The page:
Tourists in fight for life

00:58, Aug 19 2014
Tony Lawton,  and Gaylene Wilkinson
STARTING OUT: Tony Lawton, and Gaylene Wilkinson, right, relax at the beginning of their six-week holiday with sister-in-law Sharmilla Wilkinson.

In a scene that wouldn't have been out of place in the TV series Survivor, a Golden Bay couple were forced to drink their own urine to stay alive on an island.

Former Golden Bay High School physical education teacher Gaylene Wilkinson and partner Tony Lawton, who survived 18 hours at sea after the boat they were on sunk in Indonesian waters, had been on a six-week holiday including scuba diving and cycling.

They took a three-day boat trip with other travellers between Lombok, a popular tourist destination, to Komodo Island, home of the Komodo dragon, when it sank in the Flores Sea.

Lawton and Wilkinson, who both have experience in search and rescue, were among a group of 20 foreign tourists who spent 10 hours clinging to the upturned boat.

"The boat was wooden, so didn't completely sink for 11 hours, so we crammed onto the roof awaiting rescue, but nobody came. This started at 1.30am. When the boat was too dangerous to stay on, we had just a dinghy that could hold six people. Indonesia!!," she wrote in an email to family.

They waited for rescue, but no-one came so they, with eight others, decided to swim to a near-by volcanic island through "quite big seas", which the Flores Sea is known for.


The group was split up in the water into smaller clusters and over the course of six to eight hours all made it to the uninhabited island and its active, lava spitting, volcano.

The group had lifejackets on, which Wilkinson was grateful for.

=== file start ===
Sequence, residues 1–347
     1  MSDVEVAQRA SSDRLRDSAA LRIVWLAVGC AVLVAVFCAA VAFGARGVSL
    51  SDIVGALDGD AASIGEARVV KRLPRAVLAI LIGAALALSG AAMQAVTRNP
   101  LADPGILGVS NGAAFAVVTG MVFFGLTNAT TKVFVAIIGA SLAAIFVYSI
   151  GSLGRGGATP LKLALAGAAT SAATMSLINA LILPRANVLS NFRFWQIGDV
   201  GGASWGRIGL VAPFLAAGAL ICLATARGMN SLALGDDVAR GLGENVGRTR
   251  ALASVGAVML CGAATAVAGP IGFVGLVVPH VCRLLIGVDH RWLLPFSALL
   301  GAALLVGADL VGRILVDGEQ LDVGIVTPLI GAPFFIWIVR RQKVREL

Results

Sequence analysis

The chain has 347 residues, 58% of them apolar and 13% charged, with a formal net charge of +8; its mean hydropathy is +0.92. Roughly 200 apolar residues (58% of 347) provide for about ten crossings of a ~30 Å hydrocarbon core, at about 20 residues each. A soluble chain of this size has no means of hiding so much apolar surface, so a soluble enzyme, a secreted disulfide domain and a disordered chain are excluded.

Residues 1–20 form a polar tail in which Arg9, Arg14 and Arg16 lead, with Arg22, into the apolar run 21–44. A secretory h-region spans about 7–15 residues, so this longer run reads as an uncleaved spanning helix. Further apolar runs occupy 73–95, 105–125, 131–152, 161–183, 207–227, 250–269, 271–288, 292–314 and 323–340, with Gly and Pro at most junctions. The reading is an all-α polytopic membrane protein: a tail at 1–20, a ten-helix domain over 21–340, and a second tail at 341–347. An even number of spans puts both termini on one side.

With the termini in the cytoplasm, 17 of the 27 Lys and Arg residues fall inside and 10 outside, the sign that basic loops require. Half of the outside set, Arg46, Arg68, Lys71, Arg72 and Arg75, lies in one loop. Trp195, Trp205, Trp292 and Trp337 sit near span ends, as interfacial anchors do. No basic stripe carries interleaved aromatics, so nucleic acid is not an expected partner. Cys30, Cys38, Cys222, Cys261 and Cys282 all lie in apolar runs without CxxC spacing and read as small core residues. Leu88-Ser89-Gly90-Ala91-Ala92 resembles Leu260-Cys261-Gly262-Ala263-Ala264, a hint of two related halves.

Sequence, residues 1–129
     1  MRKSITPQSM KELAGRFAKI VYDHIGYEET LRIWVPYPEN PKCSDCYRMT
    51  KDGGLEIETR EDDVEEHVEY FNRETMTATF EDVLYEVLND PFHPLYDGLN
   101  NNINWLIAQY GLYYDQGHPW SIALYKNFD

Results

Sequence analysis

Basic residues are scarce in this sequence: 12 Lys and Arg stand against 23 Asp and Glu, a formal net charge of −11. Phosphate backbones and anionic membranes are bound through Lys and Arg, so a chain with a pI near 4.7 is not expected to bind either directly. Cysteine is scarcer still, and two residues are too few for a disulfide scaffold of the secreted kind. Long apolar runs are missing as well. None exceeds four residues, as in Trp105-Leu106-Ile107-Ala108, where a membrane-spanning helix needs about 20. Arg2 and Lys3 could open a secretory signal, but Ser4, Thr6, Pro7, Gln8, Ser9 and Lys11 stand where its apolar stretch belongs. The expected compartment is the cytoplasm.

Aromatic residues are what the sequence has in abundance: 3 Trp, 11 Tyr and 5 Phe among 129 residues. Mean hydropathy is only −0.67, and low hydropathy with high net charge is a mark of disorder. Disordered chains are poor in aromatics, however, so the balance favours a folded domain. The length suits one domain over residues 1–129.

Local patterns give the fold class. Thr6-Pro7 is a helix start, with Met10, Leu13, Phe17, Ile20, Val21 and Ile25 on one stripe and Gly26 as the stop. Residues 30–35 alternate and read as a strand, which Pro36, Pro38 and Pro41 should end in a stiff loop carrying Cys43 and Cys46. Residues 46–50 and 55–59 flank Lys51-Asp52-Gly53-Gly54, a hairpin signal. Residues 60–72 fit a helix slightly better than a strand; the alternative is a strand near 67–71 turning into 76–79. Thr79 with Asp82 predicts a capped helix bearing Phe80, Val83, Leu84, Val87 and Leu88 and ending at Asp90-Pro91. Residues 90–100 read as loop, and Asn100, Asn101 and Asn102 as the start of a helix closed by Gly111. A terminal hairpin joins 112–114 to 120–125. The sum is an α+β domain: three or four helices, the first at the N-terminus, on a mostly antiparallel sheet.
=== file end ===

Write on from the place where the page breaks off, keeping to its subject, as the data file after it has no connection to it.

Wilkinson said the volcanic island was extremely dry and the survivors drank their own urine to rehydrate .

"When we arrived on shore we'd already been in the water for 18 hours and we just needed a drink, so you do what you do," she said.

Two groups of five were then picked up by a passing fisherman and a dive boat.

Another 13 survivors, who did not swim to the island, clung to an overcrowded lifeboat before they were eventually picked up by fishermen.

"Wow, they looked after us so well. We are all fine, nobody with hypothermia, just quite badly burnt from being on the water in hot sun for so long," said Wilkinson.

The couple emailed family and friends to tell them they had survived the ordeal yesterday.

Golden Bay friend Pema Parigot said initial news reports about the sinking mentioned Wilkinson but not Lawton, so the email was a relief. "My heart had been in my throat, now I am celebrating."

In Nelson, Wilkinson's mother Ngaire Wilkinson did not realise the boat had sunk until the couple had been rescued so was spared an anxious waiting period.

Ngaire said today after an intense survival experience and a flurry of media attention the couple had gone for some peaceful rest and recovery.

She said her daughter was a strong swimmer and adventurous - taking after her mother.

The two had climbed Mt Arthur together, but Ngaire's sense of adventure stopped with the sea while Gaylene was a kayaker and both she and Lawton were comfortable with boats.

As a former PE and outdoor education teacher at Golden Bay High School, Wilkinson's mother said, her daughter lived for the mountains and hills and was involved with search and rescue.

Golden Bay High School principal Roger File said: "If I was in a situation like that and needed someone to rely on, I can't think of anyone better."

Ngaire Wilkinson said she and the whole family were relieved they were safe.

The semi-retired couple, who have land in Golden Bay, are expected back in Nelson at the end of the month, but Ngaire said she was unsure if they would change their plans.

It is suspected that the boat hit a reef before it began to sink.

Wilkinson said the conditions had been rough and dark leading up to the incident.

"There was no chart, no navigation equipment, no GPS, no depth sounder, so we hit a reef," she said.

Rescuers are still looking for two tourists who are missing.

The Nelson Mail